The story in a picture

Last week, when I was photographing landscapes and animals, I suddenly remembered the story of Kiro Granaatsak which was told to me about 15 years ago when we were living in the Klaas Voogds area. South Africans are good in story telling and the best stories are those with a core of truth in it. Of Klaas Voogds it’s told that he was ‘trampled to death by a rogue elephant’ in the area named after him. The truth (National Archives) is that he was a spy for governor Simon van der Stel and passing the area chasing a bunch of marooning slaves who attacked a farm near Tulbagh and which he (and his ‘army of 12 ‘hottentots’) caught in Buffeljags River. Truth is also that Voogds was a ‘Ladies man’ with a numerous spin off amongst the coloured people. But that is not what this story is about but it provides a bit of ‘Couleur locale’ as the French say.

A long time ago, locals are not conscious of time, A man from Genadendal came over the mountain near McGregor in the Western Cape, South Africa,  and walked all the way to the Klaas Voogds area between Robertson and Ashton. He settled somewhere in the mountains (nobody knew where exactly) and slowly became known as the best shepherd the local farmers could think of. His name was Kiro and ‘Granaatsak’ was added because of the bag he was always wearing over his shoulder. During the day he herded the sheep and every night he went home with a full bag but always kept himself out of sight. One day however a police helicopter flew over the mountain and his hide-away (half under the ground) was discovered, sheer by the presence of his veggie garden. The same evening the police undertook an overland expedition to the spot and there they found Kiro in his hut full with sheep skins. In court the judge asked him ‘why’. “Feeding the leopards”, Kiro answered. “I just wanted to prevent them from going on farmer’s property where they would get shot”, he reasoned.

Kiro did not survive the prison; within a few months he died and within a few months also, all leopards in the mountains were shot.

Years after locals would tell me that Kiro was a funny man full of jokes and anecdotes. When asked him how to count sheep in a flock, for example, he would say something as ‘Count the legs and divide them by 4’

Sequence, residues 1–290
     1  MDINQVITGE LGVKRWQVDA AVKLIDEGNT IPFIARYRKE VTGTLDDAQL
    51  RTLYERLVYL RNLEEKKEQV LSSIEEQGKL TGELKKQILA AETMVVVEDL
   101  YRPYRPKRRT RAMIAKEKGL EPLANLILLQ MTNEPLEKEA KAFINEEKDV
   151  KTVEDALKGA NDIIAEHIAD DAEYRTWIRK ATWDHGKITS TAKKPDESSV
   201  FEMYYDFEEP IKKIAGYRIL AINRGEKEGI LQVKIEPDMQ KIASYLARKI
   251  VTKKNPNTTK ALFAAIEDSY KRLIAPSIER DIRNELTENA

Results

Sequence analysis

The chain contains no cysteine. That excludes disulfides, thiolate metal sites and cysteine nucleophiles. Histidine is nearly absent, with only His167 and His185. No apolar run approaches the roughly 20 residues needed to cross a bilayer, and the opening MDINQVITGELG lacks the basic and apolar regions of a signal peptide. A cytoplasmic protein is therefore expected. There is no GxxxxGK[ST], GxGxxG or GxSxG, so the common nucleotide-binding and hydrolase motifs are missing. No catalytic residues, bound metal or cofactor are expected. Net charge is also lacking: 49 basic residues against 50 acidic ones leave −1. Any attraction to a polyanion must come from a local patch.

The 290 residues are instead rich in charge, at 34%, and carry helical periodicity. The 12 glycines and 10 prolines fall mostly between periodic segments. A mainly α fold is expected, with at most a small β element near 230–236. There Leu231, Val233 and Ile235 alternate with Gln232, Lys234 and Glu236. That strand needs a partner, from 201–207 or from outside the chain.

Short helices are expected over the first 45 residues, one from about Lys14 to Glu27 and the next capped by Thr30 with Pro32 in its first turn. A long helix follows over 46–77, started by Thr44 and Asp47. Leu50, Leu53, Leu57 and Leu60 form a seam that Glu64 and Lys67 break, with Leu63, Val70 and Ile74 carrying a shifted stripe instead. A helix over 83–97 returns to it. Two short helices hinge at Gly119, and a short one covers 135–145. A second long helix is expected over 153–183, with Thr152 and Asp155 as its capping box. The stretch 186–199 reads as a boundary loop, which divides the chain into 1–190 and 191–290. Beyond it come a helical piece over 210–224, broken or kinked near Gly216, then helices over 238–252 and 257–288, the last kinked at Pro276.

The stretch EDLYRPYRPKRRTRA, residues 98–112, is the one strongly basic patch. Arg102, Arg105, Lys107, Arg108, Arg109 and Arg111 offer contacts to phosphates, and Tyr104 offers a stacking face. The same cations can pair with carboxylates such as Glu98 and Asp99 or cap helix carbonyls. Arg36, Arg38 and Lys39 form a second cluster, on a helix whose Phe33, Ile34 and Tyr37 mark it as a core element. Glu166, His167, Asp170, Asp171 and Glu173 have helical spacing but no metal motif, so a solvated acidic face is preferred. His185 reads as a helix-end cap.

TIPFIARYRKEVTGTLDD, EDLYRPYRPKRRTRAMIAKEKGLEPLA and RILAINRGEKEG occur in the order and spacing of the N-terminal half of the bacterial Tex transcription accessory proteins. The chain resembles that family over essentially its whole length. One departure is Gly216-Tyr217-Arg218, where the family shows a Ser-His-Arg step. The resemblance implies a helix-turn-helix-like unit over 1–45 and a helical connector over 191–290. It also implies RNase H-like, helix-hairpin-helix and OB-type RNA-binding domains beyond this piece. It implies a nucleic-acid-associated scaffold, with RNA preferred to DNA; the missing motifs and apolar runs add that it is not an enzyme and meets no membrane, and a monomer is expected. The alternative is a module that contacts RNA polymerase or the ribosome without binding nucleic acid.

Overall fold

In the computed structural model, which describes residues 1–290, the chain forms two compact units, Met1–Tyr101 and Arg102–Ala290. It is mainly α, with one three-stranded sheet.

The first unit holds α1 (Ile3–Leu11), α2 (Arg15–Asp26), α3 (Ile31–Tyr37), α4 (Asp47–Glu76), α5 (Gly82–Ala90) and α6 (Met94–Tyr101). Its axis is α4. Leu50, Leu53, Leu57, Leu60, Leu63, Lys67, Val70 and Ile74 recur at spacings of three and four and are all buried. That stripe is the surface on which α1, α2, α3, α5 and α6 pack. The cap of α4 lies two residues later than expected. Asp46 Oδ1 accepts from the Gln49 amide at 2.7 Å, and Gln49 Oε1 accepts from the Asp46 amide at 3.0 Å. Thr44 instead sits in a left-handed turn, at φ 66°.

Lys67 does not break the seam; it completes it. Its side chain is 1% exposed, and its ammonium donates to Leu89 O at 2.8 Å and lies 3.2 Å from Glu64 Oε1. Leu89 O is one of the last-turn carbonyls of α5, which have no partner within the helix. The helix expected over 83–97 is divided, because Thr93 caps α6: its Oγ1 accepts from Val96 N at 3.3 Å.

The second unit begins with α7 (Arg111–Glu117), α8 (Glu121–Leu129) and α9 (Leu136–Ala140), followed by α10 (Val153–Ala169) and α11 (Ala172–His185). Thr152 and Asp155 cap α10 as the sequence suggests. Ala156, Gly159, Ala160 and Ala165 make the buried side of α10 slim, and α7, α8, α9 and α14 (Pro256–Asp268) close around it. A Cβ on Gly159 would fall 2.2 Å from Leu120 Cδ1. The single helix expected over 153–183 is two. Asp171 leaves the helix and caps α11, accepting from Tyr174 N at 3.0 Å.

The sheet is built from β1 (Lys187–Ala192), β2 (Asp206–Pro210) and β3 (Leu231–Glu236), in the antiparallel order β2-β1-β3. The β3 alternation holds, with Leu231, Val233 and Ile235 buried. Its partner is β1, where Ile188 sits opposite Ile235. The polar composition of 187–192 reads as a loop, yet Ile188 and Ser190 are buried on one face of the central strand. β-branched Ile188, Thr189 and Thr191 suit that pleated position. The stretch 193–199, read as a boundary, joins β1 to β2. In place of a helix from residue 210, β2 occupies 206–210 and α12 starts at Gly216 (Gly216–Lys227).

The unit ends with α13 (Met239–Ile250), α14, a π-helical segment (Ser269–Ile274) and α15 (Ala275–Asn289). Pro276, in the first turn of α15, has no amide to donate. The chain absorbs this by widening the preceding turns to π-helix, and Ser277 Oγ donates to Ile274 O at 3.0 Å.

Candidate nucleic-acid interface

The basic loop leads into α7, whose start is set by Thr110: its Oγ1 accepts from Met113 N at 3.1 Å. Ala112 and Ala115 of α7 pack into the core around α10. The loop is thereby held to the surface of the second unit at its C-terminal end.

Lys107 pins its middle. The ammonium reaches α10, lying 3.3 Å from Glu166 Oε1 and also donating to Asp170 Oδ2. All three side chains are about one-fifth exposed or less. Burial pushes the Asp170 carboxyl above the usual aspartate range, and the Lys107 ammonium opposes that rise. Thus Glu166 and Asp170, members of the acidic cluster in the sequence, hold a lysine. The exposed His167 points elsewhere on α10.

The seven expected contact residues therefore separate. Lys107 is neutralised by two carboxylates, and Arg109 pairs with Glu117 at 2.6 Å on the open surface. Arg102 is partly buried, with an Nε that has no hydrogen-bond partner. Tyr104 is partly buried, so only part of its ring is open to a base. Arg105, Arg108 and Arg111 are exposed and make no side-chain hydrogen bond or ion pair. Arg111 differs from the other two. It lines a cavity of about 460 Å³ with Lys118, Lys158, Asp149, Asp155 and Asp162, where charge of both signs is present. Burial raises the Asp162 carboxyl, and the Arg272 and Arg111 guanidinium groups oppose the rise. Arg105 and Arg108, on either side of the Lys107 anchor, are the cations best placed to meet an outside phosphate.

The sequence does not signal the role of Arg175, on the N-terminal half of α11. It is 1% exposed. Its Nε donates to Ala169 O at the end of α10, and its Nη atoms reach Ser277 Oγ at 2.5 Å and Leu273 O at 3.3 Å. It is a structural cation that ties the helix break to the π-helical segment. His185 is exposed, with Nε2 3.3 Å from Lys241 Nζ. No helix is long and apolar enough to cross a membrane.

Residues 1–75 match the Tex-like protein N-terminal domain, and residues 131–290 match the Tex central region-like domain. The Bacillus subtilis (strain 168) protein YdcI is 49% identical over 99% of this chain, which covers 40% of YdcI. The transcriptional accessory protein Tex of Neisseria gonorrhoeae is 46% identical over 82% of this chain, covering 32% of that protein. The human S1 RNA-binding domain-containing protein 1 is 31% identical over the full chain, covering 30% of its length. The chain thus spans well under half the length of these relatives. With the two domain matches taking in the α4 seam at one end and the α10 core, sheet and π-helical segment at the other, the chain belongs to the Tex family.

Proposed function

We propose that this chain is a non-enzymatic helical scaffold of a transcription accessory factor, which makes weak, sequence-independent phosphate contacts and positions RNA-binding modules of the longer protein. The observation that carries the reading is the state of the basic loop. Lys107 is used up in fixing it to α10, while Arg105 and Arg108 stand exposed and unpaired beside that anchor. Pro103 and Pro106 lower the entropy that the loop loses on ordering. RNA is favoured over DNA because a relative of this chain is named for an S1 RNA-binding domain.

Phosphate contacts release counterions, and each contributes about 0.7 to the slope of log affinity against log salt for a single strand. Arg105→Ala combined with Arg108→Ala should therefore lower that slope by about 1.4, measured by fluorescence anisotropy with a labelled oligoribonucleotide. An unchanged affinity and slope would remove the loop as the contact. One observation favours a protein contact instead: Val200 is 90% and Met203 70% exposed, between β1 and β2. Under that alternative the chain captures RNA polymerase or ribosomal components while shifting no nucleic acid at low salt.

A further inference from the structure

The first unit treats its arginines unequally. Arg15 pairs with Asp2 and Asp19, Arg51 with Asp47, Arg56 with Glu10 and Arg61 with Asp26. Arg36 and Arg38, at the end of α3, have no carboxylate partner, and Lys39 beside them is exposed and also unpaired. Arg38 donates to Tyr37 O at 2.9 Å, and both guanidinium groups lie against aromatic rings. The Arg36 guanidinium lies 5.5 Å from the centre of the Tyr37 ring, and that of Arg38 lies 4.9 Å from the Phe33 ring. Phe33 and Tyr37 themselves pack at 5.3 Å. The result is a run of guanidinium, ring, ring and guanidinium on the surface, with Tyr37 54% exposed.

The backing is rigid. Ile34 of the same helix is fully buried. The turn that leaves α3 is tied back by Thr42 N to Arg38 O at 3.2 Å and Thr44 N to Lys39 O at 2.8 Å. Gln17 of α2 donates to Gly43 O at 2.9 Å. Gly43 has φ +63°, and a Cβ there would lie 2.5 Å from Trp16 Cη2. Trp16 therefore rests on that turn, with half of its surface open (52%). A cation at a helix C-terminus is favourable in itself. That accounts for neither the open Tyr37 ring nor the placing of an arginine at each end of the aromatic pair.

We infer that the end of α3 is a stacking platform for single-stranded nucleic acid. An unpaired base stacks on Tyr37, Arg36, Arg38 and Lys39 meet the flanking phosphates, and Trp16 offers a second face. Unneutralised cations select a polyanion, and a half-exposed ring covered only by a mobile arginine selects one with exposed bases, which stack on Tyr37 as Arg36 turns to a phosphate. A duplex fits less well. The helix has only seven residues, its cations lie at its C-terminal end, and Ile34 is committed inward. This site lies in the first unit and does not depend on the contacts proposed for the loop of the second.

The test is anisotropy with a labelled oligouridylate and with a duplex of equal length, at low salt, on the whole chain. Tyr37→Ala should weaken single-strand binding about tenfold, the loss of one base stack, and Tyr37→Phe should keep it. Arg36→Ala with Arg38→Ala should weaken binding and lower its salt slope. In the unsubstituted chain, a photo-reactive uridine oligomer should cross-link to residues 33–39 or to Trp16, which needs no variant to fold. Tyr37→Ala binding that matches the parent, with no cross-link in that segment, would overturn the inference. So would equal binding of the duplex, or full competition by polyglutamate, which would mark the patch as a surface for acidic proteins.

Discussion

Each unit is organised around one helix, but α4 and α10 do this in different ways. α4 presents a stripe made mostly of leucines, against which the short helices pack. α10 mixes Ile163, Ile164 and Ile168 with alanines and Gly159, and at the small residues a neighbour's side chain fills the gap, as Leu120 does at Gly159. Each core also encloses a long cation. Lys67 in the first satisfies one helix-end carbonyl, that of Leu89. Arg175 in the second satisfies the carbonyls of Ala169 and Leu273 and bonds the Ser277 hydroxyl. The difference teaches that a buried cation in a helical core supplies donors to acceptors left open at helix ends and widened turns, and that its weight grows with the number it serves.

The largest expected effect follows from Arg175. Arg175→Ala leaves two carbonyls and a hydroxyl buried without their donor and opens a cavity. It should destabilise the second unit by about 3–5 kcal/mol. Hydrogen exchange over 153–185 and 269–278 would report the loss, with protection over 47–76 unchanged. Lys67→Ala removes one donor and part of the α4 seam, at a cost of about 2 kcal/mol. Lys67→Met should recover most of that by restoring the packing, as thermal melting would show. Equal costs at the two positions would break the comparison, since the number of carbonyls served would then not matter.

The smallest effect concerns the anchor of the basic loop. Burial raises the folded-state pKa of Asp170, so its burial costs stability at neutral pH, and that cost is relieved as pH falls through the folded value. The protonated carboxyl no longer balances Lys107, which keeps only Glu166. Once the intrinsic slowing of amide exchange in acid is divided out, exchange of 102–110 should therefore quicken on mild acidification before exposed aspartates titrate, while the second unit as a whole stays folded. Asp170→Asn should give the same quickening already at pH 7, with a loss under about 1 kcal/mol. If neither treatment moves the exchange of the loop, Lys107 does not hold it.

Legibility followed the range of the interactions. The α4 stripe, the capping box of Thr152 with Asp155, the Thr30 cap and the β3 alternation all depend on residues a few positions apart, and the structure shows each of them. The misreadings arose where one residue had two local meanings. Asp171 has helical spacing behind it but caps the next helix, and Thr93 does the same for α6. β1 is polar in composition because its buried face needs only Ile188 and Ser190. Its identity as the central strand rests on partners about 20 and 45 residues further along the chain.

Pictures from the square yard 17: Thandi; Flower

The Dutch writer Simon Carmiggelt made a living by observing from his ‘own’ chair and table on a terrace in Amsterdam. He wrote about objects he saw, about people and interaction between them, the sky, the weather and so on. And his stories never became boring; he could even write five or six pages about lightning a sigaret; between taking a match and the first inhale of smoke…

I became inspired by this when sitting on two terraces; one in Somerset-West (Store Cafe) and at the terrace of Thandi in Elgin. I made a selection of 20 images (10 of each venue). Each serie I begin the  gate and you may make your own story. My story is in each individual picture.

To provide this serie with an own signature I added HDR-toning to each picture.

th7web

Images in one impression

Remember me going to the Graduation Ceremony of the pre-primary school in a nearby location (township) in South Africa? Well here is what I distilled from the few hundred pictures I made. It’s about children and the joy people have despite severe poverty. And also about a community leader as one of the many who made it all possible. There is not much written history about the different tribes in South Africa and certainly not much from books is known to people in communities like this. But they inherited a story-telling culture and history flows in one or another way from generation to generation. Not the history of facts but a history of ancestry and spirituality. Due to influences of modern times the cultural heritage is threatened with ‘uprooting’ leaving people without knowledge about their cultural background and without hope, without future….